B. Rosie Lerner
Consumer Horticulturist


Check out Rosie's book: Possum in the Pawpaw Tree






Question and Answer

Roses: A Feast For Many Insects

rose leaves
Roses attract numerous insect pests.

Photo Credit: C.L., Demotte, IN

Q. How can I keep the beetles away and keep the invisible insects from eating holes in my rose leaves? The beetles have not been too bad the last couple of years, but the holes in the leaves never stop. I have tried so many different kinds of insecticides but to no avail. Our soil is not too sandy, but it is not all dirt either. Drainage does not seem to be a problem as we live on a slight incline above the street and driveway. — C.L., DeMotte, Ind.

A. Although the population of insects varies from year to year, roses are nearly always victims of Japanese beetles. Several other insects also target roses, including leaf-cutter bees, rose curculio, and rose slugs. There are a number of insecticides labeled for controlling these pests, but complete avoidance of damage is not practical. In addition, some of the effective insecticides are also likely to damage bees and other beneficial insects. The best strategy includes an integrated approach of limited but well-timed insecticide applications choosing environmentally friendly options when possible and accepting some damage when pest populations are less challenging. Purdue Extension publication E-75, Japanese Beetles In The Urban Landscape,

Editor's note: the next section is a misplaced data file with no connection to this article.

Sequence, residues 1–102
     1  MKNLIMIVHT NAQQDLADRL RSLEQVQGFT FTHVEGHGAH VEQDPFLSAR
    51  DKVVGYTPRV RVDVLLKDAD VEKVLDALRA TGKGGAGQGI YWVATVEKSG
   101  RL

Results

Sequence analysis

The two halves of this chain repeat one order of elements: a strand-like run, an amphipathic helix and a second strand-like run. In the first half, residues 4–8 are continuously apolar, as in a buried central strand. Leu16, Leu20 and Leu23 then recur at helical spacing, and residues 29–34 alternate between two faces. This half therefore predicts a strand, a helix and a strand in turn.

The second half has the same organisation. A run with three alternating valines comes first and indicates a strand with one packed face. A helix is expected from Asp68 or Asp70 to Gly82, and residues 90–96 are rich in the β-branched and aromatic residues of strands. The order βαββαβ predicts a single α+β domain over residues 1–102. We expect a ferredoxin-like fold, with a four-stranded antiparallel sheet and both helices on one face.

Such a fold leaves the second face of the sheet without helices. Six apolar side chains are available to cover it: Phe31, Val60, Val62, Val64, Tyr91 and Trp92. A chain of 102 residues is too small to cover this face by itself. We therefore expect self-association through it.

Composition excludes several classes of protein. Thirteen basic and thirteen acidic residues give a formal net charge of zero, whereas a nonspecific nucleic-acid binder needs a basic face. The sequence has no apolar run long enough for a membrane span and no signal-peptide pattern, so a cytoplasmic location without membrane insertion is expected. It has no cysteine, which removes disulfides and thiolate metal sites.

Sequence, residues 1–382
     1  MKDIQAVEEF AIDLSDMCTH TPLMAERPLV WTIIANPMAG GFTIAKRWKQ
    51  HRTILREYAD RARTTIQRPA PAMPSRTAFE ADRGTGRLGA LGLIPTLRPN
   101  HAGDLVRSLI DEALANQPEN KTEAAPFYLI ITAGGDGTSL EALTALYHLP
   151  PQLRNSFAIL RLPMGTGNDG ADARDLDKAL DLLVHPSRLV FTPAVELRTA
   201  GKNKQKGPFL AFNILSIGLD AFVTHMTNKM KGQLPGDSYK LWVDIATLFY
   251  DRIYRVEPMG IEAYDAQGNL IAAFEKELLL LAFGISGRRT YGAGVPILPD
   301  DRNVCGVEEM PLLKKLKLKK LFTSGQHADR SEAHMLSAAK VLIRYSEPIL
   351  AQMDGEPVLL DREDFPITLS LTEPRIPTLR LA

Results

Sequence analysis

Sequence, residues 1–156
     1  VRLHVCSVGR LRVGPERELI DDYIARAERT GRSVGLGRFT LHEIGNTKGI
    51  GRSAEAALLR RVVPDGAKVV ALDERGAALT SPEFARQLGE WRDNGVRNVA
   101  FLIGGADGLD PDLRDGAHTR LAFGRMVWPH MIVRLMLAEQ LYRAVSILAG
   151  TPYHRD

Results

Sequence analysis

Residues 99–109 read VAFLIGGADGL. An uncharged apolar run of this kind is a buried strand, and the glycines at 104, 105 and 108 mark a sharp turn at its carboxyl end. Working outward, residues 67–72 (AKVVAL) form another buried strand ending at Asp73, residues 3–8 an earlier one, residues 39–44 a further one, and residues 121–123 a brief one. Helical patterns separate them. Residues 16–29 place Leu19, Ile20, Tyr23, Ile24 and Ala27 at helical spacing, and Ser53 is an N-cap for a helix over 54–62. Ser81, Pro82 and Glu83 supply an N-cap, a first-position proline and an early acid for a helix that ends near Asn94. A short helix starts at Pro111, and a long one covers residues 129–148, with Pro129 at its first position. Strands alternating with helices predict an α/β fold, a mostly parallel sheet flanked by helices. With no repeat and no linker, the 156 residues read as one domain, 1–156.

and E-70, Flower Garden Pests,
offer lots of helpful options.

woodland stonecrop
Woodland stonecrop native ground cover.

Photo Credit: S.C., Portland, IN

Q. This is a plant growing in my sister’s yard. It was all woods that they cleared out to build, and this plant comes up near the house. She has looked in books, asked nurseries and everyone she knows, but no one seems to know anything about this particular wild plant. It comes up each year, spreads and has a lot of greenery and thick with these pretty blooms. We would like to know what it is, and its origin. —
S.C., Portland, Indiana

A. This appears to be one of the native Sedum species, most likely wild stonecrop, Sedum ternatum. This native herbaceous perennial is commonly found in wooded ravines and stream banks throughout most of eastern North America.

Hydrangea flower clusters

Photo credit: Rosie Lerner, Purdue Extension

Q. Why does my “Invincible Spirit” hydrangea start out pink and end up a tan green? — C.R., Albion, Indiana

A. Hydrangea flower clusters are composed of both sterile and fertile flowers. The center flowers in the cluster are fertile, but not showy. The showy outer flowers in the cluster are sterile with colored sepals. These showy sepals are retained in the cluster after the other flower parts fade and drop off the plant. The sepals hold color for quite a while but do fade with time, hastened along by hot summer weather. The dried flower clusters provide seasonal interest long after other flowers fade in the garden, even through winter.


Writer: B. Rosie Lerner
Editor: Cindie Gosnell,